How Long Is a Dog a Puppy? A Dog Professional Clears Up!

Is your puppy growing and changing?

Perhaps you are also wondering when your puppy is actually no longer a puppy.

So you ask yourself a question that plays a big role in dog training.

This article explains how long your dog is a puppy and what is particularly important during this time.

Have fun while reading!

In a nutshell: How long is a dog a puppy?

How long a dog is a puppy also depends on the breed and its disposition. Large dog breeds in particular tend to take a little longer to develop physically and mentally. With them, the puppy period usually ends a little later than with small breeds.

At an age between 16 and 18 weeks, however, one usually no longer speaks of a puppy, but of a young dog.

Even with a puppy, it makes sense to work lovingly and consistently on good behavior. You will find many helpful tips for this in our dog training bible.

When does puppy time end and what happens then?

The so-called juvenile phase begins around the period from the fifth month of life, the puppy becomes a young dog. This does not happen suddenly overnight, but is a development process. The breed of your dog also plays a role. The individual predisposition of your four-legged friend is also relevant.

The age phases can be roughly broken down as follows:

up to max. 18 weeks – puppy time
From 16 weeks – juvenile phase/development to a young dog
From 7 months – puberty
From 12 months – adult dog
With the 18th week of life one usually speaks of a young dog.

This development usually goes hand in hand with the change of teeth. Your dog will now not grow as fast as in the first months of life.

Why is the puppy phase particularly important?

When you are a puppy, many of the foundations for your dog’s later behavior are laid.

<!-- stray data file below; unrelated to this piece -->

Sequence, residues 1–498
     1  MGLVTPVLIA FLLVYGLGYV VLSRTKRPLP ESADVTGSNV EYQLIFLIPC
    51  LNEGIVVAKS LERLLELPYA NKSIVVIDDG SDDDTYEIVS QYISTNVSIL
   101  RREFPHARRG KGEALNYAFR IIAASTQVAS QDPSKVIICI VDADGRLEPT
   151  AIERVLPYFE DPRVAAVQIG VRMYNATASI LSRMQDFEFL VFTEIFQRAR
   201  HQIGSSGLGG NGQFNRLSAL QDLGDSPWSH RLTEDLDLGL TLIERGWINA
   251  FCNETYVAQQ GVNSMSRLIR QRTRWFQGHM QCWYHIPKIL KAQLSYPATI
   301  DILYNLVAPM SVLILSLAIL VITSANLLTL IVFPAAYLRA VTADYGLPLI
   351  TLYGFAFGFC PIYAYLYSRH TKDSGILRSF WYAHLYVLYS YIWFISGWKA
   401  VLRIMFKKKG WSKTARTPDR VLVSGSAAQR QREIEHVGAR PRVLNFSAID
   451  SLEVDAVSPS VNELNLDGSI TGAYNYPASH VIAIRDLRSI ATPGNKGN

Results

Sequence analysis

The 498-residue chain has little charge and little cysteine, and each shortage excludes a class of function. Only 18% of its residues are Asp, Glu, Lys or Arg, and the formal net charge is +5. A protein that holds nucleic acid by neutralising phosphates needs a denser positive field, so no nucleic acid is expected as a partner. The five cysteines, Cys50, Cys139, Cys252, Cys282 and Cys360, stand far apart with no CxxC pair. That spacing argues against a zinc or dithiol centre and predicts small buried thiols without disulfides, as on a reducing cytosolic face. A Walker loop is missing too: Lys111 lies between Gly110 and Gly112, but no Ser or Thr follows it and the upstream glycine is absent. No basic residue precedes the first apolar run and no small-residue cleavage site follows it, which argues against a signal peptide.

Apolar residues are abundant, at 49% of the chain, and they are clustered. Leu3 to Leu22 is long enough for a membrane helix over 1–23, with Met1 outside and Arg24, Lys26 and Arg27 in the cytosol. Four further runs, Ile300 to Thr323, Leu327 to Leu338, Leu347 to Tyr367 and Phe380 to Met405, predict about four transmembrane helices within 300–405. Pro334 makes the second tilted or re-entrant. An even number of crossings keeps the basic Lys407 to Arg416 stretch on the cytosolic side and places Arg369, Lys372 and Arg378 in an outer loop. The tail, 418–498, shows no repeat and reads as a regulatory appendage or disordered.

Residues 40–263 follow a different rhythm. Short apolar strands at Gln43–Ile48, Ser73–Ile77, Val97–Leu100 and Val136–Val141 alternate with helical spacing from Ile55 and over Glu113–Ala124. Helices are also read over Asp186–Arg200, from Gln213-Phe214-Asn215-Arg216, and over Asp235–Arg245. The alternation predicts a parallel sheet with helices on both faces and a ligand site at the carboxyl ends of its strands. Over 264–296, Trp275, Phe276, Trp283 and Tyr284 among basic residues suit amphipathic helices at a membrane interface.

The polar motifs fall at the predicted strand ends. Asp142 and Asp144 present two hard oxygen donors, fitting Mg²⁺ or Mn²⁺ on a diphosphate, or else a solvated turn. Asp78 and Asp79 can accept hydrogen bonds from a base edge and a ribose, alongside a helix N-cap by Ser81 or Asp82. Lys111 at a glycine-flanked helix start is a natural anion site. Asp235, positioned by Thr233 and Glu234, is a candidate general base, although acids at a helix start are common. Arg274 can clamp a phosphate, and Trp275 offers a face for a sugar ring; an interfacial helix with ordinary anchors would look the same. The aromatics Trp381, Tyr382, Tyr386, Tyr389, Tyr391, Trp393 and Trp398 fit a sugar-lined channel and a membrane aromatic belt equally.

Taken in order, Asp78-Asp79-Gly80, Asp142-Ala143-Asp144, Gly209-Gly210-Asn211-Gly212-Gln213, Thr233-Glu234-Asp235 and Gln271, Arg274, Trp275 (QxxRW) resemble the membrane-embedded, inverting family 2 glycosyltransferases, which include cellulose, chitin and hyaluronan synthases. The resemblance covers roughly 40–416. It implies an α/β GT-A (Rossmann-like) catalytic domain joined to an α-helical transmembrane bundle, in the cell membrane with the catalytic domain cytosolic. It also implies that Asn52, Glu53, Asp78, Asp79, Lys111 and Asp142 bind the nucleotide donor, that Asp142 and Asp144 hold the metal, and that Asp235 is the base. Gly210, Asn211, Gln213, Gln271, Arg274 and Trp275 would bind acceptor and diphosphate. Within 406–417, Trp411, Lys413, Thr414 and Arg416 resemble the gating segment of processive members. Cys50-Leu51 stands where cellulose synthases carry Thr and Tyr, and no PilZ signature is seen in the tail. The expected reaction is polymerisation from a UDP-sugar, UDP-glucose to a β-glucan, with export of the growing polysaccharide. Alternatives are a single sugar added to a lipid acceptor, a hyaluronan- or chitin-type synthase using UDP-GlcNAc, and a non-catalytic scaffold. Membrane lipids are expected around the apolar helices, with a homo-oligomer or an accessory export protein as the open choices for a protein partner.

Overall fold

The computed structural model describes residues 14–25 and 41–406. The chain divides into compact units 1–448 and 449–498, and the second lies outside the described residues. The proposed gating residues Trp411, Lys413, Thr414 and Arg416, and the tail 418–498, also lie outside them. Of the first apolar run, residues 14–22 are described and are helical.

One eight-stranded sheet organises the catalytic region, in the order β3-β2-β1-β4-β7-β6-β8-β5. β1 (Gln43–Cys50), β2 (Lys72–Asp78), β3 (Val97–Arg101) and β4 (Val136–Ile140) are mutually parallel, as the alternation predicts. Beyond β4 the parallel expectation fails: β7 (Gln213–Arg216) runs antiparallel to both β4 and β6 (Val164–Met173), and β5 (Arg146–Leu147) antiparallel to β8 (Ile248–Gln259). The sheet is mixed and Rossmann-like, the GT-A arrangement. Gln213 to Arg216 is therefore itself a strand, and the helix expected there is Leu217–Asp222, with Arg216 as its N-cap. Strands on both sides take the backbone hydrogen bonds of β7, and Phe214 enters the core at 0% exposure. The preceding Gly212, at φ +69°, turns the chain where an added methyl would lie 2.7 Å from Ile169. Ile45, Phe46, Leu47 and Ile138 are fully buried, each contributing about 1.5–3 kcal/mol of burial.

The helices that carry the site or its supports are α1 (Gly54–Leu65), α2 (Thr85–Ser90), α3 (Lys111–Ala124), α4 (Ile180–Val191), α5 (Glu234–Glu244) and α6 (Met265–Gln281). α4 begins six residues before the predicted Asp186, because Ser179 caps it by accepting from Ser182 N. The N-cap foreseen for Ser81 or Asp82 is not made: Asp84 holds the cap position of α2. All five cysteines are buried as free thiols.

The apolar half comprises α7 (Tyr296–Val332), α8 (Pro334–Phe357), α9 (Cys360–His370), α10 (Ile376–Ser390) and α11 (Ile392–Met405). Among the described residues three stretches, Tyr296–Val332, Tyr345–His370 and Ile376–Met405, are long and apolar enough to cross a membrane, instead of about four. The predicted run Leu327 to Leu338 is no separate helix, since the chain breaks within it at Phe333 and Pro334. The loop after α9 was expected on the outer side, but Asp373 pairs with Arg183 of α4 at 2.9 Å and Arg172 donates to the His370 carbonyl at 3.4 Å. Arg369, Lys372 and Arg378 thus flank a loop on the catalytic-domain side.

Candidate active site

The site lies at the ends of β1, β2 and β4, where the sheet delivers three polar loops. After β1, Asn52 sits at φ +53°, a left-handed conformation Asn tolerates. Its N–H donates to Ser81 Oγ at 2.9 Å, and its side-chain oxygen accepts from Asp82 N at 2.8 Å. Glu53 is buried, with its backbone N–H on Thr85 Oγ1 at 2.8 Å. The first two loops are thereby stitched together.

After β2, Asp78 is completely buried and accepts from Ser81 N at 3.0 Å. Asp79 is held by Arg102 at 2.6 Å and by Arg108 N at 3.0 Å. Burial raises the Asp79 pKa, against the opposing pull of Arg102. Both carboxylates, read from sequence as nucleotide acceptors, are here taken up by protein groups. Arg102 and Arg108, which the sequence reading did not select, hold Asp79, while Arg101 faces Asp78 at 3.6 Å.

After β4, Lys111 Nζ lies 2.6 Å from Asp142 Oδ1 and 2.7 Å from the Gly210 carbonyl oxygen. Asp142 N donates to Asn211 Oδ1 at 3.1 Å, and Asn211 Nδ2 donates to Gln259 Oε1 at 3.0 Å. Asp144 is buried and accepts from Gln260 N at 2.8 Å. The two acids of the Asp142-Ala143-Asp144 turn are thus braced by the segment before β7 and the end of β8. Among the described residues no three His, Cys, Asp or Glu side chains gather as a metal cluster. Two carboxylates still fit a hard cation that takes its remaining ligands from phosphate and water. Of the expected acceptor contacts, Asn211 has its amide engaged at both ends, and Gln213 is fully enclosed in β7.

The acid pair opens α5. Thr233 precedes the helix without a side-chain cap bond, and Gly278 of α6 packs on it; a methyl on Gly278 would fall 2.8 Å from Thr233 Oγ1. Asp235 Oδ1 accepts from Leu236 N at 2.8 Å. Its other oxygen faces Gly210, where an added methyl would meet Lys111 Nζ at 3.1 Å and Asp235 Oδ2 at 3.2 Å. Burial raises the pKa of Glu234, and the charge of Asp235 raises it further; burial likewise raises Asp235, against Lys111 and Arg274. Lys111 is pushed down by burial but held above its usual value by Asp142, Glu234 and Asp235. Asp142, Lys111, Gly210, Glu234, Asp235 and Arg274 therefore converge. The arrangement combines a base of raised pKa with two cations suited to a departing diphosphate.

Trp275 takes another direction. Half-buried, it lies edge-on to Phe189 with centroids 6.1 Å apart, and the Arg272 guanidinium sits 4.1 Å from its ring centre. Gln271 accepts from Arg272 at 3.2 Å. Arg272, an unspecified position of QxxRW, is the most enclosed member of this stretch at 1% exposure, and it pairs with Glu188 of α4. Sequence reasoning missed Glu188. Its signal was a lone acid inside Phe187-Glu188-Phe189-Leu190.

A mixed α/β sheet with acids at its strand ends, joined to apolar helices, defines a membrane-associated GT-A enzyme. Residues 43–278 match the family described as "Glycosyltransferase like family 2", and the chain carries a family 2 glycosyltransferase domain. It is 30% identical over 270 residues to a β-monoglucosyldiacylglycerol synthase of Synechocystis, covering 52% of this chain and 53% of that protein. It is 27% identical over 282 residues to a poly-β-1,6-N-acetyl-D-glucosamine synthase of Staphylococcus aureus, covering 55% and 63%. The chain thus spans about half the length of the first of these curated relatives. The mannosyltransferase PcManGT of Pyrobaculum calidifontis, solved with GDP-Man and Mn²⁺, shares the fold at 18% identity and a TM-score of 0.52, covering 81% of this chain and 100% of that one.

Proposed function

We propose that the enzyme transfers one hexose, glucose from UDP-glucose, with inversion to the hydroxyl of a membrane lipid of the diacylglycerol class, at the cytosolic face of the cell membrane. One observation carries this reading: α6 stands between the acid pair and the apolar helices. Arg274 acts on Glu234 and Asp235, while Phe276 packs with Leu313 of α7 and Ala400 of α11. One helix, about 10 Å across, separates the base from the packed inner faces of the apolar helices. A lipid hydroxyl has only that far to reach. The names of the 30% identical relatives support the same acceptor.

It is important that your puppy gets used to different things in a positive way, i.e. without stress. With a good breeder, he gets to know other people and animals early on, as well as household appliances and various toys. This will prepare your dog for his future life.

This socialization needs to continue even after moving into a new home.

From the eighth week of life, a puppy can usually move to its new family. At this time he is in the socialization phase.

You should use this phase to get your puppy used to many things.

During this time, your dog learns very easily and playfully, so what you have learned is consolidated particularly well. With a good support you will help your puppy behave properly around people and other dogs.

In this way, he can develop skills to control his impulses, to endure frustration and to listen to you.

How can I best support a puppy during this time?

Socialization doesn’t stop at your home either. Your puppy will need to get used to his new home and new people first. After that you can go with him to different places like parks, restaurants or shopping streets.

It’s important for your dog to learn that there are many different things, but not to be afraid of them. Because most behavioral problems that occur in the course of a dog’s life are caused by fear. If you socialize your dog without stress, you can take away these fears.